Tennessee has had few football players as easy to promote as guard Trey Smith.
He was first-team All-SEC last season and a preseason All-American this year. He’s a leader on and off the field. And he’s a great human-interest story.
The story comes with a twist.
A more predictable story would have had him turning pro after the 2019 season, especially since his football career was twice interrupted by a health issue. Smith missed a portion of the 2018 season after blood clots developed in his lungs.
Nonetheless, he has returned to UT as a senior, even amid the coronavirus pandemic. All he lacks are statistics. He’s a victim of his position.
If Smith were as good at any other offensive position as he is on the line, he would be worthy of a Heisman Trophy campaign.
You can measure quarterbacks, running backs and wide receivers in yards gained. Even defensive players can be measured by sacks, tackles, interceptions and passes defended. But an offensive lineman shows up only as a “participant” in the standard game summary that’s printed out and dispersed through a press box.
Bill Martin, UT’s first-year media-relations contact for football, can appreciate the challenge of promoting an offensive lineman. He summed it up with the same word, “stats.”
Martin pointed out that the challenge isn’t as great as it once was. You know that if you subscribe to Pro Football Focus. The website not only grades NFL players but also major-college players as well. Offensive linemen are included.
Pro Football Focus assigns grades to offensive linemen on both pass blocking and run blocking. It doesn’t just record dominant blocks. It can tell you how many times an offensive lineman allows his quarterback to be pressured.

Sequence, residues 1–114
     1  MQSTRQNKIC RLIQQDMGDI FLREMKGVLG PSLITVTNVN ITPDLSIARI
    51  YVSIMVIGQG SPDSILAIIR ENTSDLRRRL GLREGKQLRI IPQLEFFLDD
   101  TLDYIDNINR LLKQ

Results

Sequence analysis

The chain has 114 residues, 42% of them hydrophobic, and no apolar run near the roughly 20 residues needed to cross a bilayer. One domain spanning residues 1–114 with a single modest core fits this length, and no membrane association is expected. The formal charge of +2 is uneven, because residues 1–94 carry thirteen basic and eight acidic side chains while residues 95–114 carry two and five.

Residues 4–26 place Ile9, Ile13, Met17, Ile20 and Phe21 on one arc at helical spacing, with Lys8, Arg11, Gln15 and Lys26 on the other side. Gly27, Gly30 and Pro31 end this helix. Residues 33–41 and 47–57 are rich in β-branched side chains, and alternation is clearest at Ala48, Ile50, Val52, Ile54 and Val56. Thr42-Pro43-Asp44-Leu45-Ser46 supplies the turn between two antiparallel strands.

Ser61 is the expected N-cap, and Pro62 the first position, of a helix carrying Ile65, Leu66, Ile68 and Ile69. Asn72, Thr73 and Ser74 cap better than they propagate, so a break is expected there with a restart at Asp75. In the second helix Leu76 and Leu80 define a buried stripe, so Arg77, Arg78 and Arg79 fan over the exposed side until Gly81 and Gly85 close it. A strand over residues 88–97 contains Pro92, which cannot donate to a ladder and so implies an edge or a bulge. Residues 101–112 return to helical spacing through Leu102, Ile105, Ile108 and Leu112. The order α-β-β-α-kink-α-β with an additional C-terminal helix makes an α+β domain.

But you don’t need PFF’s data to understand why Smith is projected as a first-round draft pick in 2021. You only need to watch him play. Even in a thicket of 300-pounders near the line of scrimmage, Smith doesn’t get lost in the crowd. He has been roughing up defenders since his first college game in 2017.
Tennessee shouldn’t expect anything less this season. And perhaps UT will provide more evidence of Smith’s success.
Coaches grade offensive linemen every game. Making those offensive linemen grades available to the media, who the could pass them along to fans, would be helpful. After all, while Smith is UT’s best player, an experienced offensive line is a team strength. So you might as well publicize it.
Former Arkansas coach Bret Bielema promoted his offensive line as much as any coach in SEC history. Bielema, who coached the Razorbacks from 2013 through 2017, once had his starting offensive line on the cover of the football media guide.
No school publicized its offensive line more than Nebraska when its dynasty was in peak form. I remember thumbing through Nebraska media guides in the late 1990s before the Cornhuskers steamrolled the Vols in a couple of bowl games. Each offensive lineman’s number of “pancake (dominant) blocks” were included in his bio.
But there’s more to Smith than pancake blocks.
“One of the biggest things with Trey is what he does off the field,” Martin said. “Trey organized that (anti-racism) march on campus.
“If he plays well this season, we will do everything we can to promote him.”
Based on Smith’s track record, you can count on him fulfilling his half of the bargain.
John Adams is a senior columnist. He may be reached at 865-342-6284 or firstname.lastname@example.org. Follow him at: twitter.com/johnadamskns.